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Atlanta Int’l Combines Modular and Traditional Build Methods for Concourse D Expansion


Out-of-Box Thinking

Rucker says ATL is fortunate to have creative minds on the project team that proposed using modular construction, but it wasn’t a decision the airport came to lightly. Leaders explored the idea extensively with the project architect and structural and mechanical engineers. A team also visited Dallas Fort Worth International Airport (DFW), which used modular construction for a four-gate expansion in 2022. “We came back fairly energized and said modular could be a component of the work,” Rucker recalls.

“We wanted to deliver the building at a faster rate than what we usually do on a traditional development, so that is when the business case for modular construction started to make sense,” Swaminathan explains.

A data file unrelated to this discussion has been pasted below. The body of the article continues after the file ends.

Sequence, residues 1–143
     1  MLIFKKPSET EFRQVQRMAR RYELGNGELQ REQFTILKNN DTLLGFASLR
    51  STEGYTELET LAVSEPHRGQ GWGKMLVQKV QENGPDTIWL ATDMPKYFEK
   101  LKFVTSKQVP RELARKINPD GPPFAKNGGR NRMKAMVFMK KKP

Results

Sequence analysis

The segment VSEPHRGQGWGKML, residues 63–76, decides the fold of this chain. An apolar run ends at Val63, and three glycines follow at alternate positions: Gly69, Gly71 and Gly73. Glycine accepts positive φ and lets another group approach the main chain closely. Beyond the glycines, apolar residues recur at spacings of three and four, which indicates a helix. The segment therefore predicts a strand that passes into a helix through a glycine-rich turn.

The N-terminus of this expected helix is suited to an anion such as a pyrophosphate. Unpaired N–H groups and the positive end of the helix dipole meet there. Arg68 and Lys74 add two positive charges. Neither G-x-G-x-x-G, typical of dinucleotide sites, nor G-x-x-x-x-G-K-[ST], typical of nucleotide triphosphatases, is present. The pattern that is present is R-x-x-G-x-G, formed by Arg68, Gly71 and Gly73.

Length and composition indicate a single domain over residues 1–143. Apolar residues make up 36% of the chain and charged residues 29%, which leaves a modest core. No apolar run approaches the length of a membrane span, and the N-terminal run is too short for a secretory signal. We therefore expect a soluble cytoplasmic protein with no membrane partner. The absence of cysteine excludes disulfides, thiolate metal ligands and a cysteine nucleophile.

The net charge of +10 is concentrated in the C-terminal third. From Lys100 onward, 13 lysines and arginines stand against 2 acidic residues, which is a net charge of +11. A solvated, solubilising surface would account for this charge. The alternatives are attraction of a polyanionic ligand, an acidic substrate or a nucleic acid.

Preliminary Negotiations

“Our main intent was to keep the existing building and existing operations as much as possible,” says Gopi Swaminathan, associate principal with project architect Corgan Aviation.

Elevating the Passenger Experience

Rucker and other ATL leaders see the Concourse D Expansion as a unique opportunity to elevate the passenger experience. To achieve that goal, Corgan and the design team used benchmarking studies of other airports to determine the size of facility needed to achieve the airport’s desired service level.

Swaminathan describes the architecture of the building as efficient, and the transition from the existing Concourse D to the modular units as seamless. There are some challenges with pairing the two buildings, but he notes that design adjustments are being made to ensure the existing building will look as good as the new one. The newly expanded Concourse D is also designed to be more energy efficient and code-compliant.


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